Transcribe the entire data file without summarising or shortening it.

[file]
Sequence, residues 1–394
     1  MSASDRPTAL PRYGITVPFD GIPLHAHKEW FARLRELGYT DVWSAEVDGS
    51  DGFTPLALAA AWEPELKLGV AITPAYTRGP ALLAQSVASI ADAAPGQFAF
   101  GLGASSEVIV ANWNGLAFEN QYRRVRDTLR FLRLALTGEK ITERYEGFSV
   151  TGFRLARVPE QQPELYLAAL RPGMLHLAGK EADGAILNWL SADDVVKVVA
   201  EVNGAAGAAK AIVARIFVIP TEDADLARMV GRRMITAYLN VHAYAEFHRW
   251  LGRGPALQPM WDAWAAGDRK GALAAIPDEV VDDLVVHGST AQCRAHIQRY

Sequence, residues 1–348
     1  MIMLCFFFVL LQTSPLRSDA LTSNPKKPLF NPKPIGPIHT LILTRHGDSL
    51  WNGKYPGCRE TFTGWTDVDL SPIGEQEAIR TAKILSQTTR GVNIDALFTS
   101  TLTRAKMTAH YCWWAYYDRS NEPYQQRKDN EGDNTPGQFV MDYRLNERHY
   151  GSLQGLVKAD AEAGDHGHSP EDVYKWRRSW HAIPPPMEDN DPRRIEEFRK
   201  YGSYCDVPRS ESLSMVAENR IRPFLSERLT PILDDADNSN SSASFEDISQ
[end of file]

Sequence, residues 1–394
     1  MSASDRPTAL PRYGITVPFD GIPLHAHKEW FARLRELGYT DVWSAEVDGS
    51  DGFTPLALAA AWEPELKLGV AITPAYTRGP ALLAQSVASI ADAAPGQFAF
   101  GLGASSEVIV ANWNGLAFEN QYRRVRDTLR FLRLALTGEK ITERYEGFSV
   151  TGFRLARVPE QQPELYLAAL RPGMLHLAGK EADGAILNWL SADDVVKVVA
   201  EVNGAAGAAK AIVARIFVIP TEDADLARMV GRRMITAYLN VHAYAEFHRW
   251  LGRGPALQPM WDAWAAGDRK GALAAIPDEV VDDLVVHGST AQCRAHIQRY

Sequence, residues 1–348
     1  MIMLCFFFVL LQTSPLRSDA LTSNPKKPLF NPKPIGPIHT LILTRHGDSL
    51  WNGKYPGCRE TFTGWTDVDL SPIGEQEAIR TAKILSQTTR GVNIDALFTS
   101  TLTRAKMTAH YCWWAYYDRS NEPYQQRKDN EGDNTPGQFV MDYRLNERHY
   151  GSLQGLVKAD AEAGDHGHSP EDVYKWRRSW HAIPPPMEDN DPRRIEEFRK
   201  YGSYCDVPRS ESLSMVAENR IRPFLSERLT PILDDADNSN SSASFEDISQ